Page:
314 FIRESIDE EDUCATION.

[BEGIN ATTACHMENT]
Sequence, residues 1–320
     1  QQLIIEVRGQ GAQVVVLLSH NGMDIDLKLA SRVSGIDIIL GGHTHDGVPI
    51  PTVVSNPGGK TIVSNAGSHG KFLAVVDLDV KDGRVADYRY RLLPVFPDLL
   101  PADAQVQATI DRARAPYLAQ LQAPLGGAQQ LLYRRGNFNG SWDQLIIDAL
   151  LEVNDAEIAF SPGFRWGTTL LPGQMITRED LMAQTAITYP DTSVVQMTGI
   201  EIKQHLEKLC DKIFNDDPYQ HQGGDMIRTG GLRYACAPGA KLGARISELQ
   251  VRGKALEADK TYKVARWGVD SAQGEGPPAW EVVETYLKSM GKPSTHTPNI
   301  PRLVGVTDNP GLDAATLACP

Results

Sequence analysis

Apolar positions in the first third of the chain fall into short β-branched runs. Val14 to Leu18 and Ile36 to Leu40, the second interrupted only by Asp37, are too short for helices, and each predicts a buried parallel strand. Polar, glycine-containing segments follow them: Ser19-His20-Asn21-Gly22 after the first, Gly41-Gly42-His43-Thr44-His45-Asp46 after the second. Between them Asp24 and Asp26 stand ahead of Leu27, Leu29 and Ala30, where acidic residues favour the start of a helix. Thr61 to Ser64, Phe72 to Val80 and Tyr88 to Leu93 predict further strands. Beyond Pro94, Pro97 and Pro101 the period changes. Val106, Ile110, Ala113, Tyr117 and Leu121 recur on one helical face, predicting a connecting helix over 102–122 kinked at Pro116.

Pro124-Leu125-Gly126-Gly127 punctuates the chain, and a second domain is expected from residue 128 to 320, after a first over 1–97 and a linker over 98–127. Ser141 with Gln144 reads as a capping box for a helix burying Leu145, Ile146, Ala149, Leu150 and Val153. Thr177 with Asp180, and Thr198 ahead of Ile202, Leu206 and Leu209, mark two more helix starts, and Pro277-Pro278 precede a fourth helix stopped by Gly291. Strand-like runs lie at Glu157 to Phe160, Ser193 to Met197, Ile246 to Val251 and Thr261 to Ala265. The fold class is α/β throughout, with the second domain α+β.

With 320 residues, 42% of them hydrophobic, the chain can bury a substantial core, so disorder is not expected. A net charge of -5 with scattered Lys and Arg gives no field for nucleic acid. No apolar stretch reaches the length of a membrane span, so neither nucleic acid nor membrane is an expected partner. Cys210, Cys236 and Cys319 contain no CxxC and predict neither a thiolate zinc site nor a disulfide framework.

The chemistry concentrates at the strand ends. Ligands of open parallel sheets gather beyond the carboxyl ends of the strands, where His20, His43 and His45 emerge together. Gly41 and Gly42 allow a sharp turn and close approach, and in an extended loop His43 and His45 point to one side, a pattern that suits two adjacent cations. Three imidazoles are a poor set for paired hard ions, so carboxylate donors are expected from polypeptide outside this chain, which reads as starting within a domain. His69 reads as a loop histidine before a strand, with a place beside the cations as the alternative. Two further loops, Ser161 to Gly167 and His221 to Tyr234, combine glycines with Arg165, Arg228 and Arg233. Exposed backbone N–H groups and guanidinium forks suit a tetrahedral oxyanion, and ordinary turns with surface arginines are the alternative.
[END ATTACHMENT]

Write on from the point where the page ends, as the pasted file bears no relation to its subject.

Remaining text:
of Hamburg, to which I was introduced by Dr. Julius, who is known to many of our citizens, afforded striking examples of the happy influence of moral and religious instruction in reclaiming the vicious and saving the lost. Hamburg is the largest commercial city of Germany, and its population is extremely crowded. Though it is highly distinguished for its benevolent institutions, and for the hospitality and integrity of its citizens, yet the very circumstances in which it is placed produce among the lowest class of its population habits of degradation and beasthness, of which we have but few examples on this side the Atlantic. The children, therefore, received into this insti-tution, are often of the very worst and most hopeless character. Not only are their minds most thoroughly depraved, but their very senses and bodily organization seem to partake of the viciousness and degradation of their hearts. Their appetites are so perverted that sometimes the most loathsome and disgusting substances are preferred to wholesome food. The superintendent, Mr. Wichern, states, that though plentifully supplied with provisions, yet, when first received, some of them will steal and eat soap, rancid grease that has been laid aside for the purpose of greasing shoes, and even catch May-